It appears that the tariff truce is over.

A month after cooling off and restarting trade talks between the U.S. and China, President Donald J. Trump announced via twitter that the long-threatened next round of tariffs will go into effect beginning Sept. 1. Of course, much can change in a month, so let’s hope that’s the case and we see a reversal on this.

“Trade talks are continuing, and during the talks the U.S. will start, on September 1st, putting a small additional tariff of 10% on the remaining $300 billion of goods and products coming from China into our Country. This does not include the $250 billion already tariffed at 25%,” the President tweeted amid a multi-tweet run in which he blamed the Chinese government for not following through on a promise to purchase additional U.S. agricultural products.

If there’s a bright side, it’s that the additional tax — and lest we forget, tariffs are taxes — is 10% and not the previously-threatened 25%, and that most holiday products have already been shipped, thus avoiding the higher tax rate. It is expected that the 10% rate will affect all finished toys and games that are imported from China.

“Through thousands of hours of advocacy, hundreds of meetings on Capitol Hill, multiple bipartisan letters from members of Congress to the Administration asking toys be held harmless from tariffs, a DC fly-in of member companies, and continual messaging through all forms of media, The Toy Association has been clear that tariffs hurt the American toy industry and the American families we exist to serve,” says Steve Pasierb, president and CEO of The Toy Association. “Kindly and constructively providing facts, logic, detailed financial explanations, testimony, and first-hand stories from toy company and retail employers here in the United States apparently still cannot prevail over the power of the tweet. We will continue to advocate on behalf of our members, all in the toy, play and retail communities and the side of right.”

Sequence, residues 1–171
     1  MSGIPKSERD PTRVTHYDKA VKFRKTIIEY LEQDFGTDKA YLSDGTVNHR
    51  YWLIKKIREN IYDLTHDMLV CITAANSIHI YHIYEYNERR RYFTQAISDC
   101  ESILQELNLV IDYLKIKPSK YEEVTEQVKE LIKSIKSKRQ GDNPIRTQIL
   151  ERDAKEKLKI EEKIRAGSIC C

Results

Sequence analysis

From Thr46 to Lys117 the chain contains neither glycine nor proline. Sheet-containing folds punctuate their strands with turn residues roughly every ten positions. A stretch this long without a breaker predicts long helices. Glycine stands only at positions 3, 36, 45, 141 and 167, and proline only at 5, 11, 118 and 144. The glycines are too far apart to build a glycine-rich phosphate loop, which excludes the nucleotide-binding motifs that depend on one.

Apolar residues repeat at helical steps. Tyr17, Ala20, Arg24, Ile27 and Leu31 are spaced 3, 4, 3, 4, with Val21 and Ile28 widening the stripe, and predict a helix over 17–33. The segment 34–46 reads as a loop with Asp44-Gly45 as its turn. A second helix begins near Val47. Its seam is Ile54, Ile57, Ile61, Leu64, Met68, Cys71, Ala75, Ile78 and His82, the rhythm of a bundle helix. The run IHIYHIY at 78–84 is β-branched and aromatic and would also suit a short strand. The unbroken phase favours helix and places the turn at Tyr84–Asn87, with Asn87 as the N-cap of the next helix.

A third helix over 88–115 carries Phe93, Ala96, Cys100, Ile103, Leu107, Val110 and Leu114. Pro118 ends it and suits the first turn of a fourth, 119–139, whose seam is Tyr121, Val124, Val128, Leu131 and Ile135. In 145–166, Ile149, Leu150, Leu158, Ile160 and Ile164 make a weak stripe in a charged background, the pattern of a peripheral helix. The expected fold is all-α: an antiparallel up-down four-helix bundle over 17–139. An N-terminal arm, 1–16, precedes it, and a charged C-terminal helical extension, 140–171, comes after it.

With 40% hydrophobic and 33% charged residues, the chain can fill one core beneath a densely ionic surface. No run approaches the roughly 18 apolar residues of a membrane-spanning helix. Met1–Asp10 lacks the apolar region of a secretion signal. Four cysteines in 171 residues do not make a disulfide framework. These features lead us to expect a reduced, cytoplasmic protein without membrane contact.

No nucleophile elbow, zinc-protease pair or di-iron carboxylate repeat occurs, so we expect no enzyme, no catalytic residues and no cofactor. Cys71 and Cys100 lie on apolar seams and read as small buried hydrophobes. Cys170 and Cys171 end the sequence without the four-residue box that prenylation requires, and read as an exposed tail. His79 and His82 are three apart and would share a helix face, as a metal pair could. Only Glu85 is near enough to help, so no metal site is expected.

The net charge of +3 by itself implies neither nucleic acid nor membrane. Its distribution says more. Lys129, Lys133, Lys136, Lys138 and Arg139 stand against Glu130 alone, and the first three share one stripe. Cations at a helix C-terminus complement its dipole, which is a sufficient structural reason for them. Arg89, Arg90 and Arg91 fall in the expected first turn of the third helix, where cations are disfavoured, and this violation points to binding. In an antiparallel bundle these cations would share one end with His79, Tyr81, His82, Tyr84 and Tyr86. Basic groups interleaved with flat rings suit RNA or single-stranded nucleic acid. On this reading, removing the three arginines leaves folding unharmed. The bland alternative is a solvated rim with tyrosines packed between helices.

In June, Adventure Media and Events, LLC — parent company of the Toy Book — joined The Toy Association, along with toy industry colleagues including Aeromax Industries, Bachmann Trains, Basic Fun!, Beverly Hills Teddy Bear,  Hape International, Imperial Toy, Learning Resources, Loog Guitars, Odyssey Toys, PlayMonster, Rubie’s Costume Co., Thames & Kosmos, The Learning Journey, TOMY International, Trek Bicycle Corp, VTech Toys, and Wicked Cool Toys, alongside retailers such as Five Below, Go! Retail Group, JCPenney, JOANN Stores, Macy’s, Target, and Walmart as part of a larger group of  more than 600 companies and trade associations that delivered a letter to the White House with a message: tariffs hurt the heartland.

The letter was followed by testimony by numerous players in the toy and game space, along with several retail partners, and The Toy Association, at the U.S. Trade Representative’s (USTR) Special 301 Committee hearing in Washington, D.C. just days before the G20 Summit kickoff.

Last week, Hasbro notably spent a considerable amount of time discussing potential tariff impact and consequences during its quarterly earning call — sentiments echoed by Mattel just days later.

While the overall impact and mitigation strategies will vary widely from company to company, almost everyone agrees that any new tariff will lead to increased cost for American consumers, and potentially catastrophic losses for smaller companies.

As always, information regarding tariffs on toys and games is very fluid, and the Toy Book will continue to monitor new developments with updates published here. Additional resources can be found at donttaxtoys.com and tariffshurt.com.